An ‘unkindness’ of ravens? Measuring prosocial preferences in <em>Corvus corax</em> — ASN Events

An ‘unkindness’ of ravens? Measuring prosocial preferences in Corvus corax (#891)

Megan Lambert 1 , Jorg J.M Massen 2 , Amanda M Seed 3 , Thomas Bugnyar 2 , Katie E Slocombe 1
  1. Department of Psychology, University of York, York, United Kingdom
  2. Department of Cognitive Biology, University of Vienna, Vienna, Austria
  3. School of Psychology and Neuroscience, University of St. Andrews, Fife, United Kingdom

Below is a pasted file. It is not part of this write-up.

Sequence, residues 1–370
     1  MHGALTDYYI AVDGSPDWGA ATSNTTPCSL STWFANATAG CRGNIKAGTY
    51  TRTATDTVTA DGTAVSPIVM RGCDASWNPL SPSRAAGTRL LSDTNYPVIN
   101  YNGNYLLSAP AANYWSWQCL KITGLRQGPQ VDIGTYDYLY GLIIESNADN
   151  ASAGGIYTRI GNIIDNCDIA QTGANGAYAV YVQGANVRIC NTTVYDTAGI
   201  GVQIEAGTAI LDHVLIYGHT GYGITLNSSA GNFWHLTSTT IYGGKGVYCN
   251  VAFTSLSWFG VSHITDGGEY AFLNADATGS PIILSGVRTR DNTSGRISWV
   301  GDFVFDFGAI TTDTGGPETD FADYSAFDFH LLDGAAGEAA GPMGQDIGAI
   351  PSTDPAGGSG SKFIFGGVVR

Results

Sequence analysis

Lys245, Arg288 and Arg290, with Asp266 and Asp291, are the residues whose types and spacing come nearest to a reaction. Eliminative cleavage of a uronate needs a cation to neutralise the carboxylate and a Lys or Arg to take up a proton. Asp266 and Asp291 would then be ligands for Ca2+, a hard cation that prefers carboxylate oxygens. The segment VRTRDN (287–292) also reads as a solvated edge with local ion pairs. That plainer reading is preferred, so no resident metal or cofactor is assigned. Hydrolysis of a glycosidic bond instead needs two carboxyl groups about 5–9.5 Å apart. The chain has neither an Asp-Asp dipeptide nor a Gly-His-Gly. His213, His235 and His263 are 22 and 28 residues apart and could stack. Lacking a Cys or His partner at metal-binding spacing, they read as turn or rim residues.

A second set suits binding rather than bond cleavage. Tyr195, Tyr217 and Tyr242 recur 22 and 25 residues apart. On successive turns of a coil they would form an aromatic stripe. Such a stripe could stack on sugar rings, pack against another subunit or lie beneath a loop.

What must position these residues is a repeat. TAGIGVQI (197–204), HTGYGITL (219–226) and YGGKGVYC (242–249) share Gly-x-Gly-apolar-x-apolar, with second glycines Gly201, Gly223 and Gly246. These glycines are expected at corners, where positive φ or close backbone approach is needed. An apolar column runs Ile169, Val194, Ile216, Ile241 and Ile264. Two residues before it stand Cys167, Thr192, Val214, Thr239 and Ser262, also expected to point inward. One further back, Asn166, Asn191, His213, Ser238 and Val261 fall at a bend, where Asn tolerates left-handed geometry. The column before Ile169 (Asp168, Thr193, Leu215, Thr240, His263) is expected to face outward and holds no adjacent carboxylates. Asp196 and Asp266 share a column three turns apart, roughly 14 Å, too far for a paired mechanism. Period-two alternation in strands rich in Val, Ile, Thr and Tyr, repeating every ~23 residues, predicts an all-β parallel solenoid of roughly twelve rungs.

The nature and degree of humans’ prosocial, or ‘other-regarding’ behavior is a defining characteristic of our species, but its evolutionary origins are contentious. In recent years there has been considerable research effort aimed at testing prosocial tendencies in other species in controlled laboratory settings, however this has focused almost exclusively on non-human primates. Studies outside of the primate order can help uncover the socioecological factors that may favor prosocial behavior. Corvids (in particular, members of the genus Corvus)represent a promising group for such study as they are large-brained, socially complex birds that demonstrate primate-like cognitive abilities. Additionally, some corvid species such as ravens exhibit a range of cooperative behaviours including the formation of strong affiliative bonds characterized by frequent food sharing, preening and agonistic support. Using a revised method for measuring prosociality which disentangled motivation to provision a conspecific from motivation to feed next to one, we presented captive ravens (Corvus corax) with a low-cost prosocial choice task in which subjects received nothing for themselves, but could choose between a tray that delivered food to a conspecific or one that delivered food to an inaccessible, empty compartment. After first meeting criterion to ensure that they understood the experimental setup, each bird was tested with two different partners that varied in terms of their affiliation to the subject. Test trials were interspersed with motivation trials. Our results show that subjects often inhibited pulling on trials when they received nothing for themselves, and both the absolute number and proportion of subjects’ prosocial choices did not differ significantly from chance. The potential influence of the partner’s identity and behavior during trials is discussed. These preliminary results are consistent with studies of chimpanzees using comparable paradigms, and suggest that ravens do not act to benefit conspecifics in the absence of immediate self-gain.